LESLIE: Not feeling like the luckiest person thinking you’re worth the grand prize? Well, there’s 10 first-prize winners and they’re going to get laundry gift baskets, including the basket, clothespins, laundry sack and a $200 Amazon gift card. And we’ve also got up for grabs 40 runner-up prizes. And those runner-ups are going to get a $50 Amazon gift card. So you can get all the laundry detergent you need, probably, for the whole year.

    TOM: So let’s do the math. We’ve got 40 runner-up prizes, 10 first-place prizes and 2 grand prizes.

    LESLIE: That’s a lot of prizes.

    TOM: That’s 52 prizes going out for the Lovin’ My Laundry Sweepstakes. Enter now: LovinMyLaundry.com. You’ve got nothing to lose and a lot of laundry to get done to gain. LovinMyLaundry.com.

    Coming up, have you ever thought about building out your outdoor patio by adding, perhaps, a barbecue pit, a fire pit or even an outdoor kitchen? We’re going to tell you how, next.

    TOM: Making good homes better, this is The Money Pit Home Improvement Radio Show. I’m Tom Kraeutler.

    LESLIE: And I’m Leslie Segrete.

    TOM: Well, today, outdoor living is more popular than ever and it’s causing a big uptick in the number of people who want to build out their patios by adding beautiful built-in barbecues, fire pits and even outdoor kitchens.

    LESLIE: Bill Karau is the VP of marketing for Pavestone and joins us now with info on a new product called SplitRock that helps you do all of that with ease. It’s a system that combines a natural, rough texture with the ability to stack the rocks to form lots of really super-cool outdoor structures.

    Bill, this is like the dream Lego for adults, right?

    BILL: That’s exactly right. It’s building on the experience we had and the great reception we had for our RumbleStone line of products, which is a smooth-faced tumbled block that looks like weathered-cut stone. And SplitRock is a completely different look. It’s got a rougher, more rustic face on the blocks. And it really shows off the veining when you split the block and really looks like natural stone but of course, has the big advantage that it’s manufactured to exact specifications, which makes these blocks very easy to stack up and build all sorts of creative structures with.

    TOM: And that’s the key. It’s modular construction. So once you had the different units, the number of things you can construct with this, there’s really no limit.

    Now, I’ve seen some fire pits built with this. Very easy to do by corralling these in an arch. I’ve seen you use these to kind of stack up and enclose a barbecue, which makes it look like someone built a big masonry structure around it but it really was these blocks that stacked up. And it looks really super attractive.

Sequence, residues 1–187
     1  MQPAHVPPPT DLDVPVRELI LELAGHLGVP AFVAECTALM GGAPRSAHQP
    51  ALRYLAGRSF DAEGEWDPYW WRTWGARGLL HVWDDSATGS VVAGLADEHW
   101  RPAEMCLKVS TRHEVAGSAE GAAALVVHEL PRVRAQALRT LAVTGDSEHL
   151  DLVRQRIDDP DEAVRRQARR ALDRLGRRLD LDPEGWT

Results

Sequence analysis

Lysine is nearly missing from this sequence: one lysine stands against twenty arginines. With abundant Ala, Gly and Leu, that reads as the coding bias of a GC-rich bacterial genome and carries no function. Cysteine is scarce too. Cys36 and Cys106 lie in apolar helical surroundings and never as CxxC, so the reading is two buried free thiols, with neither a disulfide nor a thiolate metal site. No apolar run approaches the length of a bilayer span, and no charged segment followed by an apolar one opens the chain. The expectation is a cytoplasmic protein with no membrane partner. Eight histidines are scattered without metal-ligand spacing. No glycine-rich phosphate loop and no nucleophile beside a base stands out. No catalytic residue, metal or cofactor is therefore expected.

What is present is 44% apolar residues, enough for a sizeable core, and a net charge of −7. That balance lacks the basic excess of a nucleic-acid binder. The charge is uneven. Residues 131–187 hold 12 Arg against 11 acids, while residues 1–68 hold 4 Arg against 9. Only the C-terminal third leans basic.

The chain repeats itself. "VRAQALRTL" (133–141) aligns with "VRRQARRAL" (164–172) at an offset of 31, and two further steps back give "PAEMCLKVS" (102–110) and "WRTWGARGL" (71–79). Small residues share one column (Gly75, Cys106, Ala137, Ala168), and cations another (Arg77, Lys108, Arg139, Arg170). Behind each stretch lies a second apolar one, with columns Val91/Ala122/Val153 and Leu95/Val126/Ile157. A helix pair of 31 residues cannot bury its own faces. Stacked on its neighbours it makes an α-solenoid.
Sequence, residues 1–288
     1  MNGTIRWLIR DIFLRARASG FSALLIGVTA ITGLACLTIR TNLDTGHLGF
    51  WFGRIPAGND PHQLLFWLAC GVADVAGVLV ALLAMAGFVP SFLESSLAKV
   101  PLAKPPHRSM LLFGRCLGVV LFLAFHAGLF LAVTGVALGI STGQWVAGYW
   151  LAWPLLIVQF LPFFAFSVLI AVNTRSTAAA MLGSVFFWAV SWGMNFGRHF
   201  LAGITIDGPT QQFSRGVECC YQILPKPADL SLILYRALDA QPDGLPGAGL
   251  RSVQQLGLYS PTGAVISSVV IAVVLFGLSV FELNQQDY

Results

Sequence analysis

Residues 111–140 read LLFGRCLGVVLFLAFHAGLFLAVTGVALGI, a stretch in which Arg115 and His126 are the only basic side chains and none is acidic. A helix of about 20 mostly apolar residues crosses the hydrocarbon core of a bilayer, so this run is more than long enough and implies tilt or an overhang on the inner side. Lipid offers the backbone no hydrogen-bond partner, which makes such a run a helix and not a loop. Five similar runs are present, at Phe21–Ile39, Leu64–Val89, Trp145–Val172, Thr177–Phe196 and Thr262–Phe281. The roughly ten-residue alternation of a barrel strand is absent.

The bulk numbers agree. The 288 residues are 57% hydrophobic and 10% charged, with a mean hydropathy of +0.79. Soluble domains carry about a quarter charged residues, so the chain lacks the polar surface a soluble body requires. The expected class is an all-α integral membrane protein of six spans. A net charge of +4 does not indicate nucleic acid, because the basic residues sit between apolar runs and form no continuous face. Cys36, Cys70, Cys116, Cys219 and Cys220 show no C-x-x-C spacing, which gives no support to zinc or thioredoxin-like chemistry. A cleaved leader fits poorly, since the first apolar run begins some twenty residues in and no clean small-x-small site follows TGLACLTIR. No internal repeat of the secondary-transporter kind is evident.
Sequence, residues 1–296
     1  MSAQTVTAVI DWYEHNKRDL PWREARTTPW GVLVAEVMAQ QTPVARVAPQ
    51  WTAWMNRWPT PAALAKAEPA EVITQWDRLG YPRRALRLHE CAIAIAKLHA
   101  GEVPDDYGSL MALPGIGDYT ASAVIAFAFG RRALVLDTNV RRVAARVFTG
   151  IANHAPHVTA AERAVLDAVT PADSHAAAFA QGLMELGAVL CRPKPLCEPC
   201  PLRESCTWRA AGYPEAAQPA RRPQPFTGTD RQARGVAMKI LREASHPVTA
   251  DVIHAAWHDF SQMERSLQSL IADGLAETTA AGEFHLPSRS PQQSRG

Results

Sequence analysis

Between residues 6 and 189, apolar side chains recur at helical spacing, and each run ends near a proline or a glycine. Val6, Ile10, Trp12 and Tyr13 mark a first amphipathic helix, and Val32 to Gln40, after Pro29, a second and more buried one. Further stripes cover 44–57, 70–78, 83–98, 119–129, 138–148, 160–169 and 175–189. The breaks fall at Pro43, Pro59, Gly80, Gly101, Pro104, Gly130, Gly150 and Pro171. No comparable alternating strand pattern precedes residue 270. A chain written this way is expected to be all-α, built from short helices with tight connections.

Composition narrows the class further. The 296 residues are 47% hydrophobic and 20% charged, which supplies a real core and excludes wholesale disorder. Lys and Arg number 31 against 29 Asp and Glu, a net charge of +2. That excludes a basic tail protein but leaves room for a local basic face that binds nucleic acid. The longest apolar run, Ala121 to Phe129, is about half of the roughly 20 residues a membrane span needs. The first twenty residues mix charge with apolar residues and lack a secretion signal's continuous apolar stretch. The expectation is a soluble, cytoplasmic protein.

What were some of the other uses that folks are doing with these modular products, like SplitRock and RumbleStone?

    BILL: Well, we’ve got a range in applications, as you mentioned, from the very simple projects, like a fire pit. And we’re not mortaring these blocks. They’re glued together with polyurethane construction adhesive. So this is very fast. You can build a fire pit with 2 people in 10 minutes, something that will be very durable and will be – the concrete’s stronger 10 years from now than it is today. There’s simple projects like that and we have much more extensive projects up to and including fireplaces, which consume about 10,000 pounds of concrete. So this is a very substantial 7-foot wide, 7-foot high structure.

    And in SplitRock and RumbleStone, we’re on the cusp of rolling out a very exciting system to make this outdoor kitchen really a reachable thing for the DIYer. Previously, that ends up with frequently with contractors and a lot of expense and internal frames and external veneers. And things just get very complicated. And we’ve worked out a number of very exciting modular designs to use either of these blocks to – building grills, refrigerators, external burners, other elements of an outdoor kitchen in the layout that you want but sort of taking Legos up to the next level.

    We’ll take a grill module and connect it to a refrigerator module and connect that to an angle. And you can sort of reposition these things on a piece of paper and decide what the best configuration for your setup is. And then generate a layer-by-layer build plan to stack the blocks up and make that all happen.

    LESLIE: Bill, this is like Minecraft for adults, right?

    BILL: A little bit.

    LESLIE: I mean it’s really what it sounds like. My children are obsessed with Minecraft. They’re using different blocks to build different structures and design different things and that’s exactly what the SplitRock is.

    Now, what you’ve designed is so beautifully crafted. Tell me a little bit about the coloration process because there are so many colors blends that you can use to really enhance your yard, your landscape, the exterior of your home. How is that coloration process done? Do we ever need to touch it up or will it always look that good?